We Were Promised Jetpacks Won’t. Stop. Touring.
The Scottish band has spent so much time touring, you’d think they have a catalog deeper than Loch Ness. But their newest album (recorded live, of course) makes only three.
It’s fitting that there’s a vulture on the cover of In the Pit of the Stomach, the last album by Scottish indie quartet We Were Promised Jetpacks. Considering the band’s nonstop touring schedule, you couldn’t blame them if they finally collapsed of exhaustion somewhere, their tour van circled by a hungry bird of prey.
Since debuting in 2009 with the well-received These Four Walls, the Edinburgh natives have set out on one tour after another. Notable circuits include a stint opening for FatCat labelmates Frightened Rabbit, as well as a sold-out headlining tour of their own. The latter grabbed the attention of Jimmy Eat World, who subsequently invited WWPJ to join them on the road for one more go-round.
The incessant touring has done little to curb the appetites of hungry fans, who went two years without being able to sink their teeth into a new WWPJ recording. That changed this week with the release of E Rey, a live album recorded at the final show of their 2012 tour. The set list—which includes an unreleased track called “Peace Sign”—captures those textured, space-filling sounds the band has become known for: unrelenting drum beats, crackling guitar riffs, and soaring vocals so saturated with singer Adam Thompson’s accent that you could almost wring a glass of scotch from them.
With the promise of new material on the horizon, it’s fortunate that WWPJ hasn’t burnt out on touring. In fact, they just embarked on a US run that will bring them to Chicago on Sunday and wrap up with back-to-back shows at SXSW. We recently talked with guitarist Mike Palmer about his band’s penchant for life on the road. He also dropped a hint about when we might hear their recently finished studio album.
GROUPON: Do you spend so much time on the road because you’re partial to performing over recording, or are you just working to get your music into the ears of as many people as possible?
MIKE PALMER: That's just the way it goes. Once you've recorded, you've got to play everywhere, and that takes ages!…We love playing shows, but the amount of people who come to the shows is far less than the amount that hear the records—at least in theory. I've only seen a fraction of the bands whose albums I own. We spend so much time playing shows, it's easy to forget that the record is the only "real" version of the songs.
G: You’ve been pretty successful with each tour you’ve embarked on, whether as the opener or the headliner. How does opening for bands like Jimmy Eat World compare to the experience of selling out every date on your first headlining tour?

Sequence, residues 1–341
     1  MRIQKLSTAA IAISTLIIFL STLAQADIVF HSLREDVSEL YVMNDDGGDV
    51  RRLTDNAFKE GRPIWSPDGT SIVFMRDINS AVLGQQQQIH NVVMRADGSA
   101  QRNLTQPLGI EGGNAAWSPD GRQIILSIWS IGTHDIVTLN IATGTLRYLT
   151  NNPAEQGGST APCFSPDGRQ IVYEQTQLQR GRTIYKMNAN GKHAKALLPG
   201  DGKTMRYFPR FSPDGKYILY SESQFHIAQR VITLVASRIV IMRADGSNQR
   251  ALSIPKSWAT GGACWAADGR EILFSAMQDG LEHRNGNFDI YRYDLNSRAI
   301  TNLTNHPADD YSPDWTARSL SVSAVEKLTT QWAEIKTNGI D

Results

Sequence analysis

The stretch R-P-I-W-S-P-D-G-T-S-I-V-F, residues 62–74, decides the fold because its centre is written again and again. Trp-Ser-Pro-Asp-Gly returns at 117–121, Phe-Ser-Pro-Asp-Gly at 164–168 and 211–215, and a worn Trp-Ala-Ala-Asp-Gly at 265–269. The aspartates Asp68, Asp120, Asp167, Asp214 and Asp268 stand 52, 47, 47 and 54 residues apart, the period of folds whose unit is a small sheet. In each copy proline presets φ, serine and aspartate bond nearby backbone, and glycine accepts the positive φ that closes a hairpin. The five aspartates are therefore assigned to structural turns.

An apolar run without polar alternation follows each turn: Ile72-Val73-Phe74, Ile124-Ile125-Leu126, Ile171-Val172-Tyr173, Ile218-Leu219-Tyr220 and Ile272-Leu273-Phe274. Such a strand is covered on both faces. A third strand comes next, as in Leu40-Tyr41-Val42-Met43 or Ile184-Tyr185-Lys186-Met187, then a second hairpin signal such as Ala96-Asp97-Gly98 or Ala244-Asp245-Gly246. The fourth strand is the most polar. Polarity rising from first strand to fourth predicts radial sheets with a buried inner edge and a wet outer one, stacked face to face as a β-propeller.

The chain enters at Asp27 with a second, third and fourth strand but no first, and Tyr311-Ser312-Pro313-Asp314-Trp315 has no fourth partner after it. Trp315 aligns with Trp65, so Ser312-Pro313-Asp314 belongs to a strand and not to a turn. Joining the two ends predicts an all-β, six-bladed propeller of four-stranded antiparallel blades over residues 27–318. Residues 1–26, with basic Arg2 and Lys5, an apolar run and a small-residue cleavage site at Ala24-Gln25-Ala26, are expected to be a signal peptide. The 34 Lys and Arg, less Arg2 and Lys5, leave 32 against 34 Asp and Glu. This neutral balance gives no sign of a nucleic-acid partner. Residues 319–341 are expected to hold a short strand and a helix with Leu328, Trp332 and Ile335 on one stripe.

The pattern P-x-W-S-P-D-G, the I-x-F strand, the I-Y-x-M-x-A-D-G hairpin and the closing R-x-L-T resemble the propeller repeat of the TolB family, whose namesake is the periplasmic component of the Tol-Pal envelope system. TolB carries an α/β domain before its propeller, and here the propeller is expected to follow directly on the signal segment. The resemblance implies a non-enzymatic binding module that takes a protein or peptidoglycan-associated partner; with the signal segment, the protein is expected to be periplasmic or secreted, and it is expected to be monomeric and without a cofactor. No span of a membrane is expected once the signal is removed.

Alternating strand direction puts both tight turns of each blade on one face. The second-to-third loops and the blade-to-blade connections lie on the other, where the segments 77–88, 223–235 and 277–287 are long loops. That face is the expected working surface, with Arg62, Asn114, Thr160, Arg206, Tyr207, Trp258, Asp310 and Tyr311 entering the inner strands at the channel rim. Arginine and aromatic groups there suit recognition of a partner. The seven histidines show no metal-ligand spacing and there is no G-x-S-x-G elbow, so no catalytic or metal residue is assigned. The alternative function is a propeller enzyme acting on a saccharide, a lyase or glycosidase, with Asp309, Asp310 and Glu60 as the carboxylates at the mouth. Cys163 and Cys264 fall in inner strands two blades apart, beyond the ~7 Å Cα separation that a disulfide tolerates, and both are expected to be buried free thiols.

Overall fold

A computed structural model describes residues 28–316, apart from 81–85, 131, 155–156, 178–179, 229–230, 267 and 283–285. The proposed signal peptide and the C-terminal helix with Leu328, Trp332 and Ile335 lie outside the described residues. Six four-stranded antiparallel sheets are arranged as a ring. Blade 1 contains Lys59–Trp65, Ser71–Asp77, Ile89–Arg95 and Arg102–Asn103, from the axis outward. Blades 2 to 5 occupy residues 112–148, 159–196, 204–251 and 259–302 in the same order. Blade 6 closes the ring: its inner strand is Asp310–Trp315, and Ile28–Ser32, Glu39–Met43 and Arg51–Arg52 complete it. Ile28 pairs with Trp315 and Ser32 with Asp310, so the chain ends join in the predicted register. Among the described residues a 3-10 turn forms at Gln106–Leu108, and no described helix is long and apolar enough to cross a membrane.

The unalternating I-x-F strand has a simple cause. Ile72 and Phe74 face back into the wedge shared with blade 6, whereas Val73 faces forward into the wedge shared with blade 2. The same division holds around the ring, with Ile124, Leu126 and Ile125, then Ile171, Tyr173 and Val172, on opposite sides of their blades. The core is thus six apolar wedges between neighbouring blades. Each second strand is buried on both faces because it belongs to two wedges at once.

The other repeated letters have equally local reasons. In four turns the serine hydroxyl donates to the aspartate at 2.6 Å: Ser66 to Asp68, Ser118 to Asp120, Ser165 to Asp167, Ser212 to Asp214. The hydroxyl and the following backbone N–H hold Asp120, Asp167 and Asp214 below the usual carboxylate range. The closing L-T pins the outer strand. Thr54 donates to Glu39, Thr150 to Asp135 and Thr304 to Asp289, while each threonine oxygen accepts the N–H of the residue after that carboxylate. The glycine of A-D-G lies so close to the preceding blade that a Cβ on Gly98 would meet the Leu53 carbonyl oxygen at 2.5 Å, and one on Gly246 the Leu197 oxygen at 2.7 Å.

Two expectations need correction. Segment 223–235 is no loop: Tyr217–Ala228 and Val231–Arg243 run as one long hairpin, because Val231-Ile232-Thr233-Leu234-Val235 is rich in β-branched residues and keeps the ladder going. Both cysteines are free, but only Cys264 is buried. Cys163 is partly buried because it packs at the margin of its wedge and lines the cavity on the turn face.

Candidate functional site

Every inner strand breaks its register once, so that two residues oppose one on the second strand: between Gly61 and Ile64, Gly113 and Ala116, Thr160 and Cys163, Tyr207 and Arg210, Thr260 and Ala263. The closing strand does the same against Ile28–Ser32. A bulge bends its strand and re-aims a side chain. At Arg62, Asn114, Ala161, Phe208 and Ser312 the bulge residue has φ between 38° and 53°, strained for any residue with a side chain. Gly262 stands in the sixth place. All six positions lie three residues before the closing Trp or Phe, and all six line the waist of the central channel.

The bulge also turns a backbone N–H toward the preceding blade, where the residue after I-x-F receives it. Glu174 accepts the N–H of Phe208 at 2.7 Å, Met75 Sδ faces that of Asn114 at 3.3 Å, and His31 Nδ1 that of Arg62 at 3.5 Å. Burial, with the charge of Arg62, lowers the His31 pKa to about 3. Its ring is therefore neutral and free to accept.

MP: There's a real sense of accomplishment when you headline a sold-out show. On the other hand, getting to play for 30 [minutes]…and then drink rum and watch Frightened Rabbit (or Jimmy Eat World, or Twilight Sad, or Explosions in the Sky, or whoever) is so much fun.
G: What made you decide to do a live album? How did you chose Philadelphia’s Union Transfer as the spot to record it?
MP: [E Rey] was our label's idea! They wanted another release between albums to remind everyone that we still exist. Between [the first two] albums we wrote and recorded an EP, but by this point we were pretty focused on writing our next album and didn't really want to put that off, or sacrifice possible new album songs for an EP. So the live album was an idea that pleased [everyone]. We had a couple of attempts at recording it, but it didn't quite come out right…We recorded [in] Philadelphia as it was the last show of a really long tour, so [we knew] we'd be well rehearsed!
G: If E Rey is any indication, it looks like you’ll be performing “Peace Sign” on this tour. Any other new tracks attendees can look forward to?
MP: Yeah, we'll throw in a few new ones. Probably four or five per night. We're really enjoying the new ones. They're a little different than the stuff we've done before. It's exciting!
G: You’re ending this tour with a return to SXSW. Are there any other bands on that lineup you’re excited to see?
MP: We love SXSW. We love it. We usually don't have too much time to see other bands, but it's great for seeing friends we don't get to see often and drink margaritas. Our pals Bear Hands are our all-time favorite band, and they're playing a few shows there. They have an amazing new album out and we've not seen them in ages. That'll be great fun.
G: In addition to E Rey, you’ve just finished recording a new studio album. What can you tell us about it?
MP: We have indeed. It was a great experience…[with] the other albums, we went away somewhere and did it in a big chunk, but this time we got to stay at home [in Scotland] and go in each day with fresh ears. It's a pretty different album, to us at least. With any luck, it'll be out Fall 2014!
We Were Promised Jetpacks plays Lincoln Hall on Sunday, March 2, at 8 p.m. Buy your tickets here.
Listen to “Peace Sign” from the band’s latest album, E Rey:
Photo by Nic Shonfeld, courtesy of Big Hassle